Setting the Scene
While telling a story, you can spring a surprise on the reader with a sudden calamity or an interesting twist, but it is more effective when you set the scene first. Take the example below: The scene is about a poor woman who gets mugged while buying a TV-dinner at the supermarket.
Gina hurried to the store to buy a TV dinner. She chose a Lean Cuisine on sale, for she couldn’t afford anything else. She went to the cashier, and when she opened her wallet to pay, a man in a black hoodie pointed a gun at her. He said, “Give me your bag.”
Gina got off the bus, and cursed as she stepped into a puddle. She was distracted. Everything depended on the presentation at Zane Enterprises tomorrow. All she had left in her bag was a $10 bill and the old laptop with her portfolio. If she didn’t get the job, she’d starve. Her stomach growled. She had skipped lunch and knew she couldn’t last another night on an empty stomach.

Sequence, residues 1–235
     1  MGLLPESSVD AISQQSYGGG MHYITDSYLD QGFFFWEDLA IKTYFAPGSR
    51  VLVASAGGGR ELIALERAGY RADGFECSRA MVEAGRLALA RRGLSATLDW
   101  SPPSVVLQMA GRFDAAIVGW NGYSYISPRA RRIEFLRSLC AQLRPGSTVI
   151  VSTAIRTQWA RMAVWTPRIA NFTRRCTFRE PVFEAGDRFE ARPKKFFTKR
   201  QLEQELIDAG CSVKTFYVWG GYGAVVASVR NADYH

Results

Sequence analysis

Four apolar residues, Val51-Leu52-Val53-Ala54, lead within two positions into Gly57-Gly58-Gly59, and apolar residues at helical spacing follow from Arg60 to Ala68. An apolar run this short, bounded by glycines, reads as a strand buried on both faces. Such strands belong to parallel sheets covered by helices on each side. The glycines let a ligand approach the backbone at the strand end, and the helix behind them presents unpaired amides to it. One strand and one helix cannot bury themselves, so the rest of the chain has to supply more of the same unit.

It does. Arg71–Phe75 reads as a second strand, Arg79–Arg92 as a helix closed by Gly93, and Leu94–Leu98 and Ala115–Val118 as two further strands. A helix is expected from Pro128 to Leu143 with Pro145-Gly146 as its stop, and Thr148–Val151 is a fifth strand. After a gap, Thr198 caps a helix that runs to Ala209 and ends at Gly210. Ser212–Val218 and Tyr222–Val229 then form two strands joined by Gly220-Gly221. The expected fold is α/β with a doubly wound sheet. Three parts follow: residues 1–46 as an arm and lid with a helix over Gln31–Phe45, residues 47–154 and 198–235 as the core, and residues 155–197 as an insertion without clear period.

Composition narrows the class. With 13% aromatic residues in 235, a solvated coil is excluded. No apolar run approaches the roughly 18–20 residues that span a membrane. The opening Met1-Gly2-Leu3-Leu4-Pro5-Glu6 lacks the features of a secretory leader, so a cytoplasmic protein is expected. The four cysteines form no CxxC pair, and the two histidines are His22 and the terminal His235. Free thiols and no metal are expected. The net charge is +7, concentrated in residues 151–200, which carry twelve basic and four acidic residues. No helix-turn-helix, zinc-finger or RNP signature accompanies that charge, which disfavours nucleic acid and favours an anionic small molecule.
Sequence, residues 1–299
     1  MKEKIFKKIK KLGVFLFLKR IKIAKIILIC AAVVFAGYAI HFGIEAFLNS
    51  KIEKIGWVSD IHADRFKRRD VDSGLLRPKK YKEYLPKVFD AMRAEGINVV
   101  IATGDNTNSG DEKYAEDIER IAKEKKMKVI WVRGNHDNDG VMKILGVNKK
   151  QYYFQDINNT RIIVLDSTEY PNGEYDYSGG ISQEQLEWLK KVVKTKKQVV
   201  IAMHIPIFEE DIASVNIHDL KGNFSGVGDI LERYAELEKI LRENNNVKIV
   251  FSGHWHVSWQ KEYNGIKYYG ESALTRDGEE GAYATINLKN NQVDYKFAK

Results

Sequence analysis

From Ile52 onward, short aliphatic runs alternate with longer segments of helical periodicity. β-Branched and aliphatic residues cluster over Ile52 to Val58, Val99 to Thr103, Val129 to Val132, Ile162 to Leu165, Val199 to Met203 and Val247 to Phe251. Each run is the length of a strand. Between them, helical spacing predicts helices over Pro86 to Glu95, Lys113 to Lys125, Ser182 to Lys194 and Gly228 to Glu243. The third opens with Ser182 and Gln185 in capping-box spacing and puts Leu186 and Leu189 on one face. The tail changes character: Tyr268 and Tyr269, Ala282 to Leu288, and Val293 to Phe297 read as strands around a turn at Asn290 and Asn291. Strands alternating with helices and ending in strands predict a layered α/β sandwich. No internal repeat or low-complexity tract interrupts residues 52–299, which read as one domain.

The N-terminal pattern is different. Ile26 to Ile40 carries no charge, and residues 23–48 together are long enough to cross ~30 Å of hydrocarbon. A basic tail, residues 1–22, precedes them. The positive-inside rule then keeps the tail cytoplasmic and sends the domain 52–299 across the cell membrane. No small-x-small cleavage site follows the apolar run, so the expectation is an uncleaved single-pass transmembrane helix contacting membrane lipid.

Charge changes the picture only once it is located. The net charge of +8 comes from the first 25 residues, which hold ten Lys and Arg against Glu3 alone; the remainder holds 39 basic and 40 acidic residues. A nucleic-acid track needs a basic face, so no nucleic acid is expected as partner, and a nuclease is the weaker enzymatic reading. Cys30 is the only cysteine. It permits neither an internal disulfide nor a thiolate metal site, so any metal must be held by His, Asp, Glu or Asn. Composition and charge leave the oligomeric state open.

A man in a black hoodie pushed past her as she entered the CheapMart. She browsed through aisles and finally chose a Lean Cuisine on sale for $2 and went to the cashier. She saw the man in the black hoodie again when she opened her wallet to pay.
He pointed a gun at her. “Give me your bag.”
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